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Stoichiometry and Stoichiometry Calculator


AirsoftSmokeScreen

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I've searched the forum but didn't found threads about this and maybe it will help others too.

So, I understand that Pyro Stoichiometry Calculators show you the exact amount of oxidizer and the fuel for the reaction to be complete and without residues.

But... the online calculators are limited, I mean you can only choose one type of oxidizer and one type of fuel.

As in pyro we almost always mix 3 or more chemicals how do we calculate the exact stoichiometric ratios where there are involved more that 2 reactants?

As an example:

The stoichiometric mass ration between KNO3 and Aluminum is:

 

 

Stoichiometric Mass Ratio

 

2.248 units of Potassium Nitrate to 1 unit of Aluminium.

 

0.445 units of Aluminium to 1 unit of Potassium Nitrate.

 

30.8% Aluminium. 69.2% Potassium Nitrate.

 

And between KNO3 and sulfur:

 

 

Stoichiometric Mass Ratio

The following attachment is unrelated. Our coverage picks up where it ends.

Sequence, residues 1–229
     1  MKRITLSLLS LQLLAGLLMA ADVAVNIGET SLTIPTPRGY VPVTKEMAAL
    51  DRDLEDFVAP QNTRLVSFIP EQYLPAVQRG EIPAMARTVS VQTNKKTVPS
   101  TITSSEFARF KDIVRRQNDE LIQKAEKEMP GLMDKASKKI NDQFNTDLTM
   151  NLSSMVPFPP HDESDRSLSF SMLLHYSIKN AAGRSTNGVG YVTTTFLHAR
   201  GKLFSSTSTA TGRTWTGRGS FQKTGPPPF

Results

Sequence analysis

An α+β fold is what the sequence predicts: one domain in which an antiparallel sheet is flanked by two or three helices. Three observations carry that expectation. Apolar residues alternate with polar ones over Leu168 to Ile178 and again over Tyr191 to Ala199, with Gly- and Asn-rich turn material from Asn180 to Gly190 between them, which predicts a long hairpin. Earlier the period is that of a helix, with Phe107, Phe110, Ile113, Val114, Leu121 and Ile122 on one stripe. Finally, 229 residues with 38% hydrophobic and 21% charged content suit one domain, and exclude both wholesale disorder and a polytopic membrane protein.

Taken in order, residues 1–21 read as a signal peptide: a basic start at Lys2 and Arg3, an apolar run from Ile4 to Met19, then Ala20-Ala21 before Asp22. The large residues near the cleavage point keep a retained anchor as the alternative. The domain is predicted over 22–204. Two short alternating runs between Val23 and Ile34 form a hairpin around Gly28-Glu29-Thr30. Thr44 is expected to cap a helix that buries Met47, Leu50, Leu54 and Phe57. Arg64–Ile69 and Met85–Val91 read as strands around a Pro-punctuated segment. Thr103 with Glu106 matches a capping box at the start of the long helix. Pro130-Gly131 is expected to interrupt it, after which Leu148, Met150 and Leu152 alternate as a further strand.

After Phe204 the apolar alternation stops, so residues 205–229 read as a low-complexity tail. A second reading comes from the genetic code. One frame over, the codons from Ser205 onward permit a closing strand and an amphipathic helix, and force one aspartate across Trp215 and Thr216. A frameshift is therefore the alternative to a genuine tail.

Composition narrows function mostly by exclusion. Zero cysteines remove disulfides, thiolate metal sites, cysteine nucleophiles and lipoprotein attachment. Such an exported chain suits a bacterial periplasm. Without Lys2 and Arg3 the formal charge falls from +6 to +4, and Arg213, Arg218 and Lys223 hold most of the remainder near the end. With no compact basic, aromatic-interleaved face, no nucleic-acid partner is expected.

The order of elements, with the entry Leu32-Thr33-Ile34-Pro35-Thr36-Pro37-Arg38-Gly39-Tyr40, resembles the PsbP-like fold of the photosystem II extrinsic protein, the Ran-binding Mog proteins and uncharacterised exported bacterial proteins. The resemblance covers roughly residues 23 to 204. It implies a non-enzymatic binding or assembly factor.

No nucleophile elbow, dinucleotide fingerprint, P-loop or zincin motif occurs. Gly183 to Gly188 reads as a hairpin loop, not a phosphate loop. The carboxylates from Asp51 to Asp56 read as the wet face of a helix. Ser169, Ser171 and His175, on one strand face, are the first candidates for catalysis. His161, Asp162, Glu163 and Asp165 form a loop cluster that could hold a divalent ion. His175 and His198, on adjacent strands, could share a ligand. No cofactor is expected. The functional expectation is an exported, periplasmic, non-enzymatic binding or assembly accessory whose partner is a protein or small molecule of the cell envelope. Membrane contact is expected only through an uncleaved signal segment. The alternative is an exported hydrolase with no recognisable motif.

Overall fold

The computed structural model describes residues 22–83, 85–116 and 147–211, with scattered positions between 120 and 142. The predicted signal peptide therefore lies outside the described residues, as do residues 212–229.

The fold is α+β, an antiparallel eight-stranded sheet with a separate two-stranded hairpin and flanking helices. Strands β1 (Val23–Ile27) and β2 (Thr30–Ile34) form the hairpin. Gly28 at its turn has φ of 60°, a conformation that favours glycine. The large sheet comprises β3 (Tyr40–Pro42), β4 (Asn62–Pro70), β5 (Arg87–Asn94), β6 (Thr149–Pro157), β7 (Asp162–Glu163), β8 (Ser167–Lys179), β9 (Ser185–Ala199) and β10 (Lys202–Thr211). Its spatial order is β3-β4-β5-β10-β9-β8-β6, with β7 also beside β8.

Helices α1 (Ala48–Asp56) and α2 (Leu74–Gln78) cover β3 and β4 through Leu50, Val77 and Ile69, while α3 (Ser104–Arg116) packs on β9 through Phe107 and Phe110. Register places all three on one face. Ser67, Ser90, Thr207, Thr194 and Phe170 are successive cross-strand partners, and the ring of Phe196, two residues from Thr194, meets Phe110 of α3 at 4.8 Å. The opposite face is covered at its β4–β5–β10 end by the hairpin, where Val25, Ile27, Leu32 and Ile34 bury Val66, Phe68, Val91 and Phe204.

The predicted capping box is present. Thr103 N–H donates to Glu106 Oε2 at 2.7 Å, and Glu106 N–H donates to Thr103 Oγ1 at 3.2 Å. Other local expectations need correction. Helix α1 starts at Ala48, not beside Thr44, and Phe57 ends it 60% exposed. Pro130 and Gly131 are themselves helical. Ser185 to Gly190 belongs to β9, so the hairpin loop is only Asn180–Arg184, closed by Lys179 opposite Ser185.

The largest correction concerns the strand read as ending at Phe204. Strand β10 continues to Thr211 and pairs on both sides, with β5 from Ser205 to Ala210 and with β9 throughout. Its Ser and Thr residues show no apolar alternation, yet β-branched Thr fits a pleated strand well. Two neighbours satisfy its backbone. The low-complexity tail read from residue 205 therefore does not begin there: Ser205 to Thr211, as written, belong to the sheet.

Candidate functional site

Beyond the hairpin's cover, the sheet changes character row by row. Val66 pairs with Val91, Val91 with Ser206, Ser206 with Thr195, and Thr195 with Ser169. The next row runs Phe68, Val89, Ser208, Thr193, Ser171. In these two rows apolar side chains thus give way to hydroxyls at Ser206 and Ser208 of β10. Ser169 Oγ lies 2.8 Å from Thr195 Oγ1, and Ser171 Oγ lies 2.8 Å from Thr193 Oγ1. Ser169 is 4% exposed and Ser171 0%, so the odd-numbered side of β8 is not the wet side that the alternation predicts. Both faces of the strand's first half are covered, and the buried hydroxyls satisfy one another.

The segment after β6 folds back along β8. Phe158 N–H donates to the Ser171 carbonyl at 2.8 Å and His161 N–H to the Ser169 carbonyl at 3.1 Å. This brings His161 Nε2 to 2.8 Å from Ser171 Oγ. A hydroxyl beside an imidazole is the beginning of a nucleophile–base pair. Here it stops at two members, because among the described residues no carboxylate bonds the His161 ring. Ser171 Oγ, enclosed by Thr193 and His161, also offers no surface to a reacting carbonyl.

2.523 units of Potassium Nitrate to 1 unit of Sulphur.

 

0.396 units of Sulphur to 1 unit of Potassium Nitrate.

 

28.4% Sulphur. 71.6% Potassium Nitrate.

 

 

 

Ok, but if we are to mix these three ingredients ( KNO3, Al and S) how do we calculate the exact Mass ratios?

 

I hope you understand what I'm talking here :)

Sorry for my bad English

 

Thanks

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So, I understand that Pyro Stoichiometry Calculators show you the exact amount of oxidizer and the fuel for the reaction to be complete and without residues.

 

We've got to iron out this word "exact" because it's not. I'd also describe it as hoping to control the residues. There are always end products, of various forms. I think you really just mean to say "burn cleanly"

 

It gets rather complicated. For example, you often get partial decomposition of Potassium nitrate in different situations, often with the oxide or hydroxide being produced, keeping some of the oxygen. You even get some Carbonate and Sulfate in small quantities in many compositions (carbonate and hydroxide being exempt from KNO3/S/Al of course.) Also, Sulfur can form sulfide with the Potassium, liberating that extra oxygen. It can also form Aluminium sulfide. Have you seen Sulfur/metal flash powder? The classic Zinc/Sulfur reaction can be quick, but other mixes can be outright devastating, like more traditional flash.

 

Even with two part formulas it can thus be hard to predict, as there is often a combination of reactions going off in different proportions with different end products, simultaneously. You can get partially oxidised fuel and partially reduced oxidizers remaining in small quantities despite the fact that according to simple theoretical reactions there shouldn't.